Folks, I addressed this issue earlier this week on episode 58 of The Africa Music Law Podcast show. If you missed it, catch it at the bottom of this article.
As a quick summary, here is what I said specifically:
1. Linda Ikeji was reckless in how she handled an exclusive story that artist Skiibii was allegedly dead. She should have done her due diligence, she did not. Calling a manager and nothing more, where death is concerned, was simply reckless reporting, even as a gossip blogger. As I said on the show, the manager was thousands of miles away in a foreign country so there is and was no way the manager could have unequivocally confirmed or denied such news. Even if he unequivocally confirmed such news, the blogger here had a higher duty, given the sensitive nature of the topic i.e. death, to conduct further due diligence starting with making contact with the family of the alleged deceased.
2. When Linda Ikeji discovered that she was wrong and that the talent she claimed was dead was in fact alive, she was reckless in insinuating that his alleged death may have been a publicity stunt. It is my view that her insinuation is the catalyst that has caused so much damage to the artist and label. It is one thing to inaccurately report death and discover you are wrong. It is another thing to insinuate, after knowing you are wrong, that the alleged dead person may have pulled a publicity stunt based on an opinion of one of your readers and nothing more. As I said, unless Linda had uncontroverted evidence of foul play, making such insinuation on a powerful platform such as hers was simply reckless and it has had very damaging effect on the artist, the label and I would even argue the manager.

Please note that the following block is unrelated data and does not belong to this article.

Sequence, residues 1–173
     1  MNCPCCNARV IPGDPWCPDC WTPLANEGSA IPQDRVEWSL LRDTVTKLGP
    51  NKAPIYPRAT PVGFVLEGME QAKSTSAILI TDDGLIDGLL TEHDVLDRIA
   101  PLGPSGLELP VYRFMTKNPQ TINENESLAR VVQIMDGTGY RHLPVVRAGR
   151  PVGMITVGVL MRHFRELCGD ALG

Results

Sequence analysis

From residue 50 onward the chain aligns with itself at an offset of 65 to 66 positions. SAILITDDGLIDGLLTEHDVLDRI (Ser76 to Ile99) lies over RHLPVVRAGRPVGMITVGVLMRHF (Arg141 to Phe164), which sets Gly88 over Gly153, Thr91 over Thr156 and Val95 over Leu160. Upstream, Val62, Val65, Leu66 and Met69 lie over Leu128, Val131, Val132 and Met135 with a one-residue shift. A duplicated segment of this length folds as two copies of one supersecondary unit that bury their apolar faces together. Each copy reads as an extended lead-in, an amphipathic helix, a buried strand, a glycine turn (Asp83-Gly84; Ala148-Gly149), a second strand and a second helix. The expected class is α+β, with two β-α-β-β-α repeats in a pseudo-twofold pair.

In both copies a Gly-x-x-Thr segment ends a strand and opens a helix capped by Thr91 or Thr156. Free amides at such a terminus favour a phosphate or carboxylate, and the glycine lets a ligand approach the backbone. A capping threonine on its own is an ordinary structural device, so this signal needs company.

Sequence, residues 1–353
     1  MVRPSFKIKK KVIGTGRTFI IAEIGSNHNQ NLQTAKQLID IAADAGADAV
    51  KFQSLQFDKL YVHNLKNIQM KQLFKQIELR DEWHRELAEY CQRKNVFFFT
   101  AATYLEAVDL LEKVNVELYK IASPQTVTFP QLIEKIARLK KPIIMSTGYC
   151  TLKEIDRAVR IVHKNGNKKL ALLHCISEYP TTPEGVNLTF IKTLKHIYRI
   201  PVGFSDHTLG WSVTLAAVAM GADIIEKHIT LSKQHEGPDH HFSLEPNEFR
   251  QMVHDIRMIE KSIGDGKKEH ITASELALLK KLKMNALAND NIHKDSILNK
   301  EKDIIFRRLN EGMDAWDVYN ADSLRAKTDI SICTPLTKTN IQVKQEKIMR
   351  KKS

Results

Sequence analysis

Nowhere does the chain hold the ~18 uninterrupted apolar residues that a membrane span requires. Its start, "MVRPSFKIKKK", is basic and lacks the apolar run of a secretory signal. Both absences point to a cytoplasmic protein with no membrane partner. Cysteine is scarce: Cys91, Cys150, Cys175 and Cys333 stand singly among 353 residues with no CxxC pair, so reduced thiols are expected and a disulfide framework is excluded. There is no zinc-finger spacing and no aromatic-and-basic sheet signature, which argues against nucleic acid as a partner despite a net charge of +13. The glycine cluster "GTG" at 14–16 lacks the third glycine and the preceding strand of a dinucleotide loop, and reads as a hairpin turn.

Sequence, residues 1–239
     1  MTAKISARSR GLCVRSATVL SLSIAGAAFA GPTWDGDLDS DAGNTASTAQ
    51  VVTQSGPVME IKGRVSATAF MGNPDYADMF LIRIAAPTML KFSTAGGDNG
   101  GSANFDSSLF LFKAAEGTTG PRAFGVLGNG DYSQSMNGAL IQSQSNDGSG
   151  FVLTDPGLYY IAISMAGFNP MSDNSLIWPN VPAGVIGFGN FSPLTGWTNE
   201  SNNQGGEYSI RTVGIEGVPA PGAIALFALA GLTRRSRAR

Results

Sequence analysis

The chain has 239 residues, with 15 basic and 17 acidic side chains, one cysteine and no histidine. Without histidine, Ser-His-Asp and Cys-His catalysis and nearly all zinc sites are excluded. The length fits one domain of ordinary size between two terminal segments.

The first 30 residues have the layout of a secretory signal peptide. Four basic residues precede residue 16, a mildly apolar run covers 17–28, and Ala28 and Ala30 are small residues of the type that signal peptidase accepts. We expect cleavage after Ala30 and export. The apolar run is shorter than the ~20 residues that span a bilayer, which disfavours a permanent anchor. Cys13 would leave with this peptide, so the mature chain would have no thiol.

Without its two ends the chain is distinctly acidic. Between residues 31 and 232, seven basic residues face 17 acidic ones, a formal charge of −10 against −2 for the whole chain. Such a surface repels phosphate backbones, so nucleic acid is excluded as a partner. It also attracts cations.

3. Well what about the manager? I addressed the manager’s liability. I said he was unprofessional and if I were Five Star Music, I would fire Soso Soberekon. I also addressed the legal liability of the label.
It appears the label listened to me and they in fact did fire Soso Soberekon. However, what I strongly disagree with is the label or anyone else heaping the exclusive blame on the manager. There is a video of the interview granted by the artist Skiibii and the label boss Kcee below.